Retail Sales for the Modern Esthetician

Change your relationship with sales 

As a skin care professional, you are probably all too aware of the importance of retail sales. Not only do retail sales determine your paycheck, but they also determine your clients’ results — and in turn, client loyalty and referrals.  

 In other words: the success of your business depends on retail sales.  

 Yet, retail sales are not why most of us got into this work. And selling can sometimes feel… well, icky.  

In 2019, Skin Care Literature surveyed over 360 skin care professionals — and 95% cited retail sales as the most challenging part of their job. Fears about being “pushy”, not having enough product knowledge, and online retailer competition rose to the top.  

But here’s the thing: if you aren’t enjoying selling, your clients certainly aren’t either. The modern consumer is being marketed to all day, every day, so they can smell a sales pitch a mile away.  

To rid ourselves of features & benefits lists and the dreaded “hard sell” at the product wall, it’s time to modernize the retailing experience in our industry. Here are Skin Care Literature’s three keys to easy, natural retail sales in 2021 and beyond. 

“The key is to position yourself as an expert — not a salesperson — to capitalize on this growth.”

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The skincare industry is now worth a whopping 155.8 billion US dollars with no signs of slowing down. This is amazing news for the professionals like you in our industry. However, the key is to position yourself as an expert — not a salesperson — to capitalize on this growth.  

According to Cosmetify online search data in 2020, consumers are no longer searching for products for skin conditions (such as “anti-aging cream”), but rather for specific ingredients (like “retinol” or “hyaluronic acid”). 

These trends tell us that our clients are getting savvier — and they know the difference between science and marketing. In fact, a study by Nielsen found that 67% of consumers said that an endorsement from an unbiased expert makes them more likely to consider purchasing, and 92% of people trust a personal recommendation over brand marketing.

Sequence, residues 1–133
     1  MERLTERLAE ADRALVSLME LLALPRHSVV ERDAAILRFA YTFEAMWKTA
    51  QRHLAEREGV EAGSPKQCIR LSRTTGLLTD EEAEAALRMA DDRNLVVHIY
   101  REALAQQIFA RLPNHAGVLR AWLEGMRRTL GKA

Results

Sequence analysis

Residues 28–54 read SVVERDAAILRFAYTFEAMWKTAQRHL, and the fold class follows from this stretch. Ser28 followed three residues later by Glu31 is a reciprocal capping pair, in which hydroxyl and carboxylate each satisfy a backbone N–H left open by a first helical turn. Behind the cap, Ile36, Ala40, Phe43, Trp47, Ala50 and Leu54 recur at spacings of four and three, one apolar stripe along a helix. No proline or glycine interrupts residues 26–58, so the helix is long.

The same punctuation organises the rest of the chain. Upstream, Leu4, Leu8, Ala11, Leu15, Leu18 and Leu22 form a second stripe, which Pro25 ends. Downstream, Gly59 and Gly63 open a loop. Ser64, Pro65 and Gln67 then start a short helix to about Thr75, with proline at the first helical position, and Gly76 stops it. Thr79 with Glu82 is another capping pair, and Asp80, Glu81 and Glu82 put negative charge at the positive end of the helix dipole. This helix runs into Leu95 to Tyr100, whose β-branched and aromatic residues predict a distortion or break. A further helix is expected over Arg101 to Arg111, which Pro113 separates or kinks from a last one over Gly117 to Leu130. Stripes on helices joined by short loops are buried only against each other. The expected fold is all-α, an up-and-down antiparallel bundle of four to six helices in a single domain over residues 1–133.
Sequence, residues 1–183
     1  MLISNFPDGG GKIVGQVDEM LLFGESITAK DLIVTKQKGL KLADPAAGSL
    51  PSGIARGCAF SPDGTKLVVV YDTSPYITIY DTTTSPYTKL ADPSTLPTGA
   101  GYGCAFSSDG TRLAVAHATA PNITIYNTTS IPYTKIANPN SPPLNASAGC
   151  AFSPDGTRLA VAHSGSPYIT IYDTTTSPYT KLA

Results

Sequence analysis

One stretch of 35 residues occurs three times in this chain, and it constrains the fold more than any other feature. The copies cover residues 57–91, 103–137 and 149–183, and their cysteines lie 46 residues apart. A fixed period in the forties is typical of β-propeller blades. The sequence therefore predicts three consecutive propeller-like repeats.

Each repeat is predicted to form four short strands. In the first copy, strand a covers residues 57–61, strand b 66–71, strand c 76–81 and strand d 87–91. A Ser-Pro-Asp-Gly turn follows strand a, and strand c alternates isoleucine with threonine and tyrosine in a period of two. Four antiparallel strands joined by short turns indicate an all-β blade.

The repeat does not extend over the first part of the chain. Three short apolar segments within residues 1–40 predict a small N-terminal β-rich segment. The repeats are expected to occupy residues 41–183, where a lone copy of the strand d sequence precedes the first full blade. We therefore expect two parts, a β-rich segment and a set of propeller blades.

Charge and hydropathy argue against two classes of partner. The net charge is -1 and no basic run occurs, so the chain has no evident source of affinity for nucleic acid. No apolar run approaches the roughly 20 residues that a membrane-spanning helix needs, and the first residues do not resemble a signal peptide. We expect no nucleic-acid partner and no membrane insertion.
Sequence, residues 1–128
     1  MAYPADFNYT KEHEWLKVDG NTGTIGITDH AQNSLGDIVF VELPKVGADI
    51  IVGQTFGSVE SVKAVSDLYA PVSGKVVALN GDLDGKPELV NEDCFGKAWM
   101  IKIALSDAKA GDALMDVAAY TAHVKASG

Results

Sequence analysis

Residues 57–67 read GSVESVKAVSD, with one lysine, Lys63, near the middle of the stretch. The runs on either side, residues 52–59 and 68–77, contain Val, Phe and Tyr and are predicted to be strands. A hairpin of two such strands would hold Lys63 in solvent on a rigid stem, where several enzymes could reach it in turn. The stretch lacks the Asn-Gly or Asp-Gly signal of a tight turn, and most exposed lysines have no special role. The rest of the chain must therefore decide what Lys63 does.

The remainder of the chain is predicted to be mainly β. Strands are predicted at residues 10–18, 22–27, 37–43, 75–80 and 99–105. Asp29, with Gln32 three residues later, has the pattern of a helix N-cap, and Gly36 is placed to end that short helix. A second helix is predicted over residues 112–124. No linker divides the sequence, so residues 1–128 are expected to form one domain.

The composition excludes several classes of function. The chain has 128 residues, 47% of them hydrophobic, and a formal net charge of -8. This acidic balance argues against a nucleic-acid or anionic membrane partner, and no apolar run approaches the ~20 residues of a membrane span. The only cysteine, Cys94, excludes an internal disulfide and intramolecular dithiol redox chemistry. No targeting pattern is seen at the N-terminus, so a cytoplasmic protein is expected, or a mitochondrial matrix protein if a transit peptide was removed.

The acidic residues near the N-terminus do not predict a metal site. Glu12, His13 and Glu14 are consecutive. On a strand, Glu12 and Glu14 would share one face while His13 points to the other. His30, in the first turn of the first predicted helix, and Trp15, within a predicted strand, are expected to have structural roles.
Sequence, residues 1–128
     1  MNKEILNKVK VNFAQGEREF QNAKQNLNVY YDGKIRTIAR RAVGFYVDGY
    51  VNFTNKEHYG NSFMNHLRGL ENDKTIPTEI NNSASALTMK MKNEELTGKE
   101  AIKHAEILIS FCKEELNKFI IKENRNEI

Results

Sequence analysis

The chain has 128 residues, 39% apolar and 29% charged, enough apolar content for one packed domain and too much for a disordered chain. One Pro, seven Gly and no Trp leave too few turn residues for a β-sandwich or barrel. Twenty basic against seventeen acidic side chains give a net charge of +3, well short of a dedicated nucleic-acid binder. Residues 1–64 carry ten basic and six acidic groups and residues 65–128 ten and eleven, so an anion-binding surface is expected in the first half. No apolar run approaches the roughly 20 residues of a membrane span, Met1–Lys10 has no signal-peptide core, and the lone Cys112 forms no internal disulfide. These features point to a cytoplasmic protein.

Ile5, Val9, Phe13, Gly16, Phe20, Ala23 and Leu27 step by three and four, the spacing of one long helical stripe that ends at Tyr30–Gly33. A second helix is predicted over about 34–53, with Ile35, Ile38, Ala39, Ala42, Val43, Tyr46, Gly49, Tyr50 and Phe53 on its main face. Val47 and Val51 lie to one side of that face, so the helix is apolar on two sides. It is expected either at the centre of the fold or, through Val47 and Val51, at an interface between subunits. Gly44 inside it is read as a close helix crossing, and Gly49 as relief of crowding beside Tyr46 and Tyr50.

Of course, the reality is that we carry and get the majority of our education from skincare brands. So to earn the trust of our well-informed clients, we need to adapt our communication. 

Ask yourself: Am I using a branded pitch to educate my clients, or my advanced skin and ingredient knowledge? Am I leading with the science behind this formula, or am I using the same product description my client could find online? And, finally, am I explaining why this treatment is right for this individual’s skin, or am I using a one-size-fits-all elevator speech? 

This brings us to our next key… 


The fact is, esthetic services are elective — no matter how important we know professional skin care is.  

That’s why it’s essential that we know the service our clients sought us out for. What is their goal? Why did they book this appointment and what do they hope to get out of it?  

The good news is that if someone is in your facial bed, they are primed to buy. You just need to figure out what they hope to change or maintain in their skin and then educate them on how they can achieve it. That is your service. And the fact is, achieving results requires home care — i.e. retail sales! 

The key is to shift your approach from “how can I make this sale” (which focuses on discounts, fear tactics, or sales gimmicks), to “how can I help this person achieve their skin goals” — why they came to you in the first place. Ironically, not focusing on sales will result in more sales… just without that awkward, end-of-treatment exchange that can dampen the whole experience for both of you.  


And finally, just like in any skilled profession, you can’t be an expert without staying an expert. It takes continuous learning and advancing your knowledge to remain a trusted authority in your field. 

The key is that your skill is not the facials you perform; it’s your expertise. After all, clients don’t pay for a facial or product — they pay for an outcome. And it’s your expertise (in identifying skin conditions and causation to create personalized treatment plans) that gets them that outcome.  

This mindset shift is a game-changer when it comes to improving your retail sales. However, it requires a commitment to continually hone your expertise and advance your knowledge of skin, ingredients, and technology — not just brands and products. That’s why the mission of Skin Care Literature is to provide brand-agnostic education to elevate your “job in esthetics” to a lucrative career as a skin expert.